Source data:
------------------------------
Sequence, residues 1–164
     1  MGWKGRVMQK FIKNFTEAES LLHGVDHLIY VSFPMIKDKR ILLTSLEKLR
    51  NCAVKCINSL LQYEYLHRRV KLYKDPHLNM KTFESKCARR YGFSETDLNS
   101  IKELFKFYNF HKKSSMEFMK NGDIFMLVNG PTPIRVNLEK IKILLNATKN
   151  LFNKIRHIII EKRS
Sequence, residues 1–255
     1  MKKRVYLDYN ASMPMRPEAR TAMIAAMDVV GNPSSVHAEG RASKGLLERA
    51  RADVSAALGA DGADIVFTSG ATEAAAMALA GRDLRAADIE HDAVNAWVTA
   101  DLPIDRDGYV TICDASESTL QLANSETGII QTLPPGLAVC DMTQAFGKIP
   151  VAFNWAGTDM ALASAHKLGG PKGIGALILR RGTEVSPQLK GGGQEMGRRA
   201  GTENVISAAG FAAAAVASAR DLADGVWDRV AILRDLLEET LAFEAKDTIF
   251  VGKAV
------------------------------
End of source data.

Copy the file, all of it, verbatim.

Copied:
Sequence, residues 1–164
     1  MGWKGRVMQK FIKNFTEAES LLHGVDHLIY VSFPMIKDKR ILLTSLEKLR
    51  NCAVKCINSL LQYEYLHRRV KLYKDPHLNM KTFESKCARR YGFSETDLNS
   101  IKELFKFYNF HKKSSMEFMK NGDIFMLVNG PTPIRVNLEK IKILLNATKN
   151  LFNKIRHIII EKRS
Sequence, residues 1–255
     1  MKKRVYLDYN ASMPMRPEAR TAMIAAMDVV GNPSSVHAEG RASKGLLERA
    51  RADVSAALGA DGADIVFTSG ATEAAAMALA GRDLRAADIE HDAVNAWVTA
   101  DLPIDRDGYV TICDASESTL QLANSETGII QTLPPGLAVC DMTQAFGKIP
   151  VAFNWAGTDM ALASAHKLGG PKGIGALILR RGTEVSPQLK GGGQEMGRRA
   201  GTENVISAAG FAAAAVASAR DLADGVWDRV AILRDLLEET LAFEAKDTIF
   251  VGKAV